Jones - A Critique of Critiques.


What makes a product worthwhile? And how can you judge a product based on consumer feedback? notjones and I were discussing this and came to an impasse. We come to you, dear readers to settle this.

To set the scene:
notjones has been working on a puzzle game concept for the last few days, this lead him into researching more on game design and game developers, which eventually led to this conversation.
We start the conversation by looking at game designer and programmer Jonathan Blow and his popular puzzle game "The Witness". Blow defended his game from criticism by saying that the critics did not fully grasp the meaning behind his game and what it was trying to accomplish.

notjones puts forth the following:

If a game has to be "understood", if it has "meaning" - then it's inherently bad and worthless, that the best games are purely mechanical with no filler. If a game has narrative then it's bad.

He then brings up Dark Souls games as an example. The narrative of the games being purely filler, and that behind that it's an uninteresting game. He claims that games should be mechanically interesting and unique, claims that if Dark Souls games didn't have narrative/art, it would not be near as popular as a purely mechanical game like Tetris or Chess.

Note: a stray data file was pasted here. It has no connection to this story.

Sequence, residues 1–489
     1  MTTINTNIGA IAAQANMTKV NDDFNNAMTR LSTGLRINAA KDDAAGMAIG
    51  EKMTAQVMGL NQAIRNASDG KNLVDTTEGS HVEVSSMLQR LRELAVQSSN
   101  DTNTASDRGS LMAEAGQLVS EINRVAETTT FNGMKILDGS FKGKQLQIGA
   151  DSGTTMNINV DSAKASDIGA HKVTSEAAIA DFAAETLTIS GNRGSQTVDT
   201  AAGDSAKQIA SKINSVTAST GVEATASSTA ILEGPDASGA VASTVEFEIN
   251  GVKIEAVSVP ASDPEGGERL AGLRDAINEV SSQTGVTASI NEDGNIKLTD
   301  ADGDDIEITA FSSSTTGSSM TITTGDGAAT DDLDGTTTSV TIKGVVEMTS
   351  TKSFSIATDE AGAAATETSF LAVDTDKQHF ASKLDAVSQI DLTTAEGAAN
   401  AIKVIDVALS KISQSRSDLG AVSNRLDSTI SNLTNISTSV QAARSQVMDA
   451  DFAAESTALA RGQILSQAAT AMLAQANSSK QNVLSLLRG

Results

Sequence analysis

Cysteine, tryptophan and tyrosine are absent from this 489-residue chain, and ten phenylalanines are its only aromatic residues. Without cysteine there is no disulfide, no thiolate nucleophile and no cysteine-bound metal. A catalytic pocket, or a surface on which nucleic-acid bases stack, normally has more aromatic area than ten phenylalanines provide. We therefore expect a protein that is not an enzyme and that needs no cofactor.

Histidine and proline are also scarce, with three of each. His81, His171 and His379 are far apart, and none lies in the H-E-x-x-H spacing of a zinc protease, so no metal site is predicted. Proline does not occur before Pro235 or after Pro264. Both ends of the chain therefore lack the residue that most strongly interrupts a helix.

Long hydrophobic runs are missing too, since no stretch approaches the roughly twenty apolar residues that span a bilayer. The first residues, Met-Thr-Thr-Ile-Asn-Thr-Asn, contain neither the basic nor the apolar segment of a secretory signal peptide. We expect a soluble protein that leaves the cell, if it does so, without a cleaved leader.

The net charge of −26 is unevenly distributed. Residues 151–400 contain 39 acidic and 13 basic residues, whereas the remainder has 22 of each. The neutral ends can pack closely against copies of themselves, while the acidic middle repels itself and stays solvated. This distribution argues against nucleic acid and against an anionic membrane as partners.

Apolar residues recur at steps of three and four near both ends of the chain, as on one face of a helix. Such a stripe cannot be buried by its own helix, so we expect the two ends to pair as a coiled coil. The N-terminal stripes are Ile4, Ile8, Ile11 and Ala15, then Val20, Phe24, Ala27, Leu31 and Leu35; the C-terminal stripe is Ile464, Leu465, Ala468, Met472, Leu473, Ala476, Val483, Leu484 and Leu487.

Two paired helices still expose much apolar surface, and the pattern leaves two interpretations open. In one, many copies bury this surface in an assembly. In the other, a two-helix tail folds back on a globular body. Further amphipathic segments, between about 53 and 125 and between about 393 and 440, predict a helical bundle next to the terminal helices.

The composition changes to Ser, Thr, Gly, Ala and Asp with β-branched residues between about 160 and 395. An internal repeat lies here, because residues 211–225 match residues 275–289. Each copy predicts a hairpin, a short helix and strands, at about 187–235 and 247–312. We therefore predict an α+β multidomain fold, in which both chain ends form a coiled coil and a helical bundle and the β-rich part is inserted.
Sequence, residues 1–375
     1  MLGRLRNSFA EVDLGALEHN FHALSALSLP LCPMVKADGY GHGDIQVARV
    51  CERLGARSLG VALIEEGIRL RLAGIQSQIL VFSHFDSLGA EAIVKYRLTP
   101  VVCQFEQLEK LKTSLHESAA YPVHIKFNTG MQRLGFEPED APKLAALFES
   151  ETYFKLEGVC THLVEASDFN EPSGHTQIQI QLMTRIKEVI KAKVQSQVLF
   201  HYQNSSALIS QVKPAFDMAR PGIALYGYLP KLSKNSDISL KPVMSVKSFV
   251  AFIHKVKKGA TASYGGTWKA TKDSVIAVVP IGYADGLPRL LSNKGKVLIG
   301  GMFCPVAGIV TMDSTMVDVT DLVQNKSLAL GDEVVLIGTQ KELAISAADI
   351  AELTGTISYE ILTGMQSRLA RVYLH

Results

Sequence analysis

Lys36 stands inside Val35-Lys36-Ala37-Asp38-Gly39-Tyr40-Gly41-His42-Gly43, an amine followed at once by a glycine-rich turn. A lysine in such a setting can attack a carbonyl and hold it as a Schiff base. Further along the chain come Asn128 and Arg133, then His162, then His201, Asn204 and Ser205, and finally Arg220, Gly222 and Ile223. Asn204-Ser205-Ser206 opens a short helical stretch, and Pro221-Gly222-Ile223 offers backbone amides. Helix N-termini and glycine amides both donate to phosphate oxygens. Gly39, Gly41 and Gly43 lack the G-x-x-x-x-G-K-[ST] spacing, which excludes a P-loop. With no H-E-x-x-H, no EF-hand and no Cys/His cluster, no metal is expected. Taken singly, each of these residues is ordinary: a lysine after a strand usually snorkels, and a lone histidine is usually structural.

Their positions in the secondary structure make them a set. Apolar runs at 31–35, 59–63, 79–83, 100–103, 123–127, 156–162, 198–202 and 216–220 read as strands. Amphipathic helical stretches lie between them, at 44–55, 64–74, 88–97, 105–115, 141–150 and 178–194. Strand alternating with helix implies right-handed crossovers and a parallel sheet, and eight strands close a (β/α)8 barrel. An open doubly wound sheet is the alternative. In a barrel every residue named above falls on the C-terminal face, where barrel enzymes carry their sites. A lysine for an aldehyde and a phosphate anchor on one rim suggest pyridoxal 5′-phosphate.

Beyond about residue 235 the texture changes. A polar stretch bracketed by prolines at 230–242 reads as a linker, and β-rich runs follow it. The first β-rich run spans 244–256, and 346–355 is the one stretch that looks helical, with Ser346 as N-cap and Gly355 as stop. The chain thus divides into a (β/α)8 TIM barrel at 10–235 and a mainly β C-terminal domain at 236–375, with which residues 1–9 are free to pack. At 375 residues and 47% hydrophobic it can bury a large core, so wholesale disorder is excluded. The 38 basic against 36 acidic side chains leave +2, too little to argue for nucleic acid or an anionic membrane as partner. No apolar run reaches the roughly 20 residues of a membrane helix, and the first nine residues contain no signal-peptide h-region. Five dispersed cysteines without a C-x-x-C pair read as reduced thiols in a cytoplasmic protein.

And then he finishes with this: If a game requires more than a few sentences to review, it's purely fluff and fake.
He compares game critiques to mathematical proofs, and how shorter proofs are regarded superior and so should shorter reviews. If people can make hour long videos to describe the game, then it's all filler and not worth the time.
In his perspective, you shouldn't try to make narrative or art in games because it has been, and I quote "solved 2000 years ago by the Bible" [sic.]

My response to him was as follows:

While I agree that narrative and "deeper meaning" is filler in the vast majority of games and is appealing to lower denominations, I had to point out that the vast majority of consumers do not actually value it over mechanics, and it does not affect the popularity or the appeal of these games as much as notjones purports. Dark souls games are popular because of their mechanical merit more than anything, it stands out. The cream rises to the top. He disagreed on this, I told him we actually actually agree on this point, but he said that he "agrees more".